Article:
Flexure mechanisms are used in precision applications for their ability to guide motion with high repeatability. While traditional rigid-link mechanisms move due to rolling or sliding components that induce hysteresis, flexure mechanisms move solely due to elastically deforming components. This means that flexure mechanisms operate without friction, backlash, stick-slip and wear, resulting in low hysteresis. The elastic deformation also presents challenges. The accompanying stress limits the range of motion by yielding and fatigue, and the changing configuration decreases the support stiffness. This thesis presents research on modeling techniques and design principles for flexure mechanisms in order to improve the stiffness characteristics of flexure mechanisms with a large range of motion.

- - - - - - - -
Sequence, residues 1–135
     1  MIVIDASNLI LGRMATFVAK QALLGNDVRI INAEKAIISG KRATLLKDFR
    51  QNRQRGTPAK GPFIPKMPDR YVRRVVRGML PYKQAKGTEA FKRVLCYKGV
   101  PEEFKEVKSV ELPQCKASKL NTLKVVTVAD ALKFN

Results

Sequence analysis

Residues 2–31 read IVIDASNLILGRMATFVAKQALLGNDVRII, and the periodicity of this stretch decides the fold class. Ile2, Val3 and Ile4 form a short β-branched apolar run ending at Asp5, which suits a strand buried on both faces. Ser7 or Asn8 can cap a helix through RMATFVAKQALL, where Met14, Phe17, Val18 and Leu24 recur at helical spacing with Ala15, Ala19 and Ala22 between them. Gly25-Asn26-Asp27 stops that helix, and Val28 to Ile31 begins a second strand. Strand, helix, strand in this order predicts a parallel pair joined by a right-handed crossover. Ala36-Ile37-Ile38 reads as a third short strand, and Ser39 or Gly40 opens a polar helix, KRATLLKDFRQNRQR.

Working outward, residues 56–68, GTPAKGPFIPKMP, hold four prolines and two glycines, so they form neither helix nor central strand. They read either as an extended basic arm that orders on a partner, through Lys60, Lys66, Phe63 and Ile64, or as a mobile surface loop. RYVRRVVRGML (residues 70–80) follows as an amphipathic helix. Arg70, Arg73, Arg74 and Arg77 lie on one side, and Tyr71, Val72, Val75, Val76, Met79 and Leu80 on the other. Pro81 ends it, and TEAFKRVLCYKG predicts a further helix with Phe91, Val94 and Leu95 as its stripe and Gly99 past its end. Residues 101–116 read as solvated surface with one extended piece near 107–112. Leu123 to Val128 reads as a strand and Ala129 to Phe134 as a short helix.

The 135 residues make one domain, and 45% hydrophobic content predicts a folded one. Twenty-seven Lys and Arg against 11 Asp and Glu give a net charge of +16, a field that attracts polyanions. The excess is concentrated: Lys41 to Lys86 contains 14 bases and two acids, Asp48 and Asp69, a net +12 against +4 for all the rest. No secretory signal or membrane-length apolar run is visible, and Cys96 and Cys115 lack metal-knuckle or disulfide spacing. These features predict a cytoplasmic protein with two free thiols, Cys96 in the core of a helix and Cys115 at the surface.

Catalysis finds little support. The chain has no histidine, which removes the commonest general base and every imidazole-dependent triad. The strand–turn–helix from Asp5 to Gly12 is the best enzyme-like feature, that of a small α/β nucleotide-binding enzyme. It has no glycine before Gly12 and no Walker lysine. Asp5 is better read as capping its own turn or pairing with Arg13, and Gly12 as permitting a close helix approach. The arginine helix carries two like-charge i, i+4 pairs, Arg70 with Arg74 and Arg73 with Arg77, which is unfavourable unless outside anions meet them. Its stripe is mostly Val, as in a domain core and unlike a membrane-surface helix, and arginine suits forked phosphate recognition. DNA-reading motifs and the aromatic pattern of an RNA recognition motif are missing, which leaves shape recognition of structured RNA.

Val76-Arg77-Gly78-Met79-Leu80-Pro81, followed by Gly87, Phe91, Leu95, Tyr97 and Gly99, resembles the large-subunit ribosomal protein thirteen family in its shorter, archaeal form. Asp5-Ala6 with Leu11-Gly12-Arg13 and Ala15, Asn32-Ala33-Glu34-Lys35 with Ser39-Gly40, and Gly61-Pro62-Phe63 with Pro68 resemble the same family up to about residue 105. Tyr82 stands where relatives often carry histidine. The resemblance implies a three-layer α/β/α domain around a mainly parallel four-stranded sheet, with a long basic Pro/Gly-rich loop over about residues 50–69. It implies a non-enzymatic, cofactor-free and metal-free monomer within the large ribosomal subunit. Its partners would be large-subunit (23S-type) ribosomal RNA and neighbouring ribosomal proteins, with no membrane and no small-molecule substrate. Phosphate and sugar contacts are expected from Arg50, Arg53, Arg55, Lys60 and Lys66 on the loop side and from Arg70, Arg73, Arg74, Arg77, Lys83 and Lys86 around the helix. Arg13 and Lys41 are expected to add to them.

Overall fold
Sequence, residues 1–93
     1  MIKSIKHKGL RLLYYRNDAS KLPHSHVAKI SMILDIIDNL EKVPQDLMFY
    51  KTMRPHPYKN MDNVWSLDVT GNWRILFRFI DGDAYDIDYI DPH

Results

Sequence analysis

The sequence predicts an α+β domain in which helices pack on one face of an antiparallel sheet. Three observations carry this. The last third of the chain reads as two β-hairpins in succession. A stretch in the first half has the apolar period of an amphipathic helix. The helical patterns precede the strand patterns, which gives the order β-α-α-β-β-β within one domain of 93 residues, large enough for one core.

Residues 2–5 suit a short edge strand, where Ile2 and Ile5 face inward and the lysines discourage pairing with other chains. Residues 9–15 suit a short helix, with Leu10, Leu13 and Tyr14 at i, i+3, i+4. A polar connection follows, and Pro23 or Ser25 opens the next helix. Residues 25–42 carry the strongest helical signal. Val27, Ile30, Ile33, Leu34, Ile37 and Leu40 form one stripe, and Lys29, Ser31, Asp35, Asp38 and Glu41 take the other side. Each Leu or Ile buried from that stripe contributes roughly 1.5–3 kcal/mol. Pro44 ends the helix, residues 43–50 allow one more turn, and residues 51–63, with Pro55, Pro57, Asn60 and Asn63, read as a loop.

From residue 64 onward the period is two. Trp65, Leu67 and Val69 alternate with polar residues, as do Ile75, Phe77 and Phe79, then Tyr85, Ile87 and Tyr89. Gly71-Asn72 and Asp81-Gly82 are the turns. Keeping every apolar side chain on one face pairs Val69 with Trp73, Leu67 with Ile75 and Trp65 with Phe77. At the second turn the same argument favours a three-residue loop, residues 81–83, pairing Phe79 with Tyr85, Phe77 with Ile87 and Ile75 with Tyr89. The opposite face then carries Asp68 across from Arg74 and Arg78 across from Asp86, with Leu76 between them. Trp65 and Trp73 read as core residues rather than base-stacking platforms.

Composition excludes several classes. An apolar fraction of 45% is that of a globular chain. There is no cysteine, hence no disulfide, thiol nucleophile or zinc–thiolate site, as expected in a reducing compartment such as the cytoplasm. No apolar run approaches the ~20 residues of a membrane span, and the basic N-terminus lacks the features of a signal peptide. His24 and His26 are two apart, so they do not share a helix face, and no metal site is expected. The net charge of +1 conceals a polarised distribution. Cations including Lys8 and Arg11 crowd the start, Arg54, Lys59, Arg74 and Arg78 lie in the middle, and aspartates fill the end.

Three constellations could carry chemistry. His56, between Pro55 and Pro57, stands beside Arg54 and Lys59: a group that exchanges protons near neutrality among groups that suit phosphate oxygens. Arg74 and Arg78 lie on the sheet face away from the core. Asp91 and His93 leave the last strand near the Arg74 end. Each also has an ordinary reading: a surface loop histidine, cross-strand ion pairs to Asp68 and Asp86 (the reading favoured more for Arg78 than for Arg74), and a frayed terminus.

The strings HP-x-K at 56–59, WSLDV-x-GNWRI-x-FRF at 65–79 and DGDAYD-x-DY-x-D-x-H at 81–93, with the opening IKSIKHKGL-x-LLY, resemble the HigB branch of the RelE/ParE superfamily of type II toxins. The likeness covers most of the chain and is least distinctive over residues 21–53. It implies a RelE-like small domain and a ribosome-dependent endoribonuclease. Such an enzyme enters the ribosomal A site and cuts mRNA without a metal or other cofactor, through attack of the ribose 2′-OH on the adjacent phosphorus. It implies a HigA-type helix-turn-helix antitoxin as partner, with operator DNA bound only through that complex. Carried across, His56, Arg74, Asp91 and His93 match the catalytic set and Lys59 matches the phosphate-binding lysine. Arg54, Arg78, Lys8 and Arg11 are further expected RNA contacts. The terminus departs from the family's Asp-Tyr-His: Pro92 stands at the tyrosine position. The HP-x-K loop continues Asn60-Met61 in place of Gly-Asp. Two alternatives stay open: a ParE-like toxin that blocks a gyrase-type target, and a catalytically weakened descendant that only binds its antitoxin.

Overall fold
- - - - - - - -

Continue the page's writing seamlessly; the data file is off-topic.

|Qualification||Doctor of Philosophy|
|Award date||24 Jan 2020|
|Place of Publication||Enschede|
|Publication status||Published - 24 Jan 2020|